Buckingham’s team will have to fight hard for a Nigerian win

Marion Dakers
WHEN Arsenal last week announced it would play its first pre-season friendly against Nigeria’s national team in Abuja next month, the club won plaudits for bringing investment into the country.

Tony Buckingham, the swashbuckling chief executive of Heritage Oil, must be hoping for a similarly warm reception from investors after his own entry to that region. His firm is in sore need of a success story, having struggled to convince shareholders that work in Kurdistan will eventually come good, after last year’s galling gas find (it had expected to strike oil).

The price of oil might have fallen 13 per cent in dollar terms in the last 12 months, but Heritage’s share price has almost halved. Investors, displeased with the firm’s lacklustre performance, took out their frustrations on Buckingham at last month’s AGM via a 16 per cent protest vote against his re-election.

But having won the bidding war for the OML 30 assets, and survived the AGM with just a bloody nose, Heritage has stepped into the middle of another bust-up. Halfway through an enormous reform of the oil sector, Nigeria’s government is trying to stamp out long-established corruption following January’s deadly protests. Shell estimates that 150,000 barrels of oil per day is stolen in Nigeria, losing the government a fifth of its revenues.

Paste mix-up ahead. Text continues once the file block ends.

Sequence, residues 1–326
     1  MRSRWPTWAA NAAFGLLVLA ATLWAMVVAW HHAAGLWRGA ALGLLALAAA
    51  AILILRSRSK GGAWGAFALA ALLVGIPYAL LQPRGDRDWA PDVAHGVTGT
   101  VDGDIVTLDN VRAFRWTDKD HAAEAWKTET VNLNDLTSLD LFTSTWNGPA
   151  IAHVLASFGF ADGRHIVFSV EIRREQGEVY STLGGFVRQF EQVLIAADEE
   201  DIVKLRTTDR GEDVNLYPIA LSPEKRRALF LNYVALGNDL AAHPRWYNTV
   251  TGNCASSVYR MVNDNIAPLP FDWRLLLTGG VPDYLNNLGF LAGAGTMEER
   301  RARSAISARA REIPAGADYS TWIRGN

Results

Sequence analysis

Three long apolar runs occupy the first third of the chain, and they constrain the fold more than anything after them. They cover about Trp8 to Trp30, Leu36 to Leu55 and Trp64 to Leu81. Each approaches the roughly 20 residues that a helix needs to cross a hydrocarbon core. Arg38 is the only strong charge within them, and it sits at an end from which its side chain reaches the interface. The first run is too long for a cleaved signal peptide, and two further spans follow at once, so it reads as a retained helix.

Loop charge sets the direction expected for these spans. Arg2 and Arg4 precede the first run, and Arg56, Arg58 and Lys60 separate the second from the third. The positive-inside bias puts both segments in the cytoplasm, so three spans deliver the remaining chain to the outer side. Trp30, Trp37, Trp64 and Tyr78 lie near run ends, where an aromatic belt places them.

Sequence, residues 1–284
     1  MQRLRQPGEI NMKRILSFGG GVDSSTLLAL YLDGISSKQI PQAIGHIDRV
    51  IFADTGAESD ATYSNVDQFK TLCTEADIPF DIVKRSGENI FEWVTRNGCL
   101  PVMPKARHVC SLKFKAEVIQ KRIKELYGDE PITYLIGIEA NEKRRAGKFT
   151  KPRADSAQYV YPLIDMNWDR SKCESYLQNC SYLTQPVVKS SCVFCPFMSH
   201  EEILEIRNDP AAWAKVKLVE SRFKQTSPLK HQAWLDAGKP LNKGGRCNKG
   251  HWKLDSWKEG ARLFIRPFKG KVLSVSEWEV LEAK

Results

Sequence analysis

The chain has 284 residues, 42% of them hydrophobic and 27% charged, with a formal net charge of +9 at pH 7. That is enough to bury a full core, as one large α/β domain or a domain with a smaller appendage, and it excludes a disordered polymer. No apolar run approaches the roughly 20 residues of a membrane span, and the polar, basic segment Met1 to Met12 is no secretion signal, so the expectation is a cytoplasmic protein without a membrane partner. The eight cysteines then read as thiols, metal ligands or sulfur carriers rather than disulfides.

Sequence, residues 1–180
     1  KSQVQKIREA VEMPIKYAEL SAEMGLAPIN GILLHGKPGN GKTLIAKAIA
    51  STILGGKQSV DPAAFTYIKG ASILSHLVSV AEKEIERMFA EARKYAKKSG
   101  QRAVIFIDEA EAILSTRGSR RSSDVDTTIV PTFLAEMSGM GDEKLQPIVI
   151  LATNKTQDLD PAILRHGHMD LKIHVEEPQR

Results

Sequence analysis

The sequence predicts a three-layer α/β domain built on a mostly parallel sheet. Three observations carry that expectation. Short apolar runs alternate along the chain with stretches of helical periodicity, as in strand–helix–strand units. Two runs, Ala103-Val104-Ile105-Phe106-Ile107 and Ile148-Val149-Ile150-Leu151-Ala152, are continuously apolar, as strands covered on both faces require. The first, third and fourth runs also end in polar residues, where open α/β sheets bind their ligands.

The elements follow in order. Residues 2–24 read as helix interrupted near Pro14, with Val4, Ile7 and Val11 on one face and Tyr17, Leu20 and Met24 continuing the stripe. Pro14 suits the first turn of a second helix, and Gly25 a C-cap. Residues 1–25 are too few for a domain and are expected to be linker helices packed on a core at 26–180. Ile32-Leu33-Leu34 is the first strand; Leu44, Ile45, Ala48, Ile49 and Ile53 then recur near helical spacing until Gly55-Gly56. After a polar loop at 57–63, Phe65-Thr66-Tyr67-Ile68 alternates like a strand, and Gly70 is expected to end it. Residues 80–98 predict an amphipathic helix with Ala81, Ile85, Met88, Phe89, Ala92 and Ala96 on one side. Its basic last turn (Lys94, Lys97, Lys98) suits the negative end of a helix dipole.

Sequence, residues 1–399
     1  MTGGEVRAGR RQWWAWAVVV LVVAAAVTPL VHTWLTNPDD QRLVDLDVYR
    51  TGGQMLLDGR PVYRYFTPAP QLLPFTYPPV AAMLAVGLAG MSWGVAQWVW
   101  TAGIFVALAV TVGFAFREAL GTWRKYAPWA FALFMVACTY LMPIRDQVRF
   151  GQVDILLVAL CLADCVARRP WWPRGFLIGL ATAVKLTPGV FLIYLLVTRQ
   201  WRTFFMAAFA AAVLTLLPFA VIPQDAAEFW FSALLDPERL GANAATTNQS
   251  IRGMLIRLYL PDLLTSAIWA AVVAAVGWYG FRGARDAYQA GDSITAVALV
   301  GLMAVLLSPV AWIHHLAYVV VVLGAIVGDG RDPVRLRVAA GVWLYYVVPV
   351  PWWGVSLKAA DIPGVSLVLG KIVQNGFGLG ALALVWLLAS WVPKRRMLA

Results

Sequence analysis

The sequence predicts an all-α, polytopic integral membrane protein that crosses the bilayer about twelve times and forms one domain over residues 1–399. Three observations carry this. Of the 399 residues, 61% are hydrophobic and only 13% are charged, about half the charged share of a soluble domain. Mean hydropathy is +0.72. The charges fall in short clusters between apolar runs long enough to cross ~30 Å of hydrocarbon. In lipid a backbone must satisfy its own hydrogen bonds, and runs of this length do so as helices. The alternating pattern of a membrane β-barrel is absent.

In the last week alone, President Goodluck Jonathan’s clean-up efforts have resulted in sackings at state oil firm (and Heritage’s new partner) NNPC, the arrest of several people accused of siphoning fuel from oil pipelines, and the final stages of a new law to toughen up regulation. Topped off with an $850m takeover, it was a week that underscored the huge potential, and enormous obstacles, linked to Africa’s biggest oil producer. Buckingham is no stranger to risky endeavours, having bought a Libyan oil firm, set up shop in the Congo and battled Uganda over tax claims, not to mention his work as a mercenary in the 1980s. This will be no easy victory, but such a deal could transform his firm into a Premier League explorer.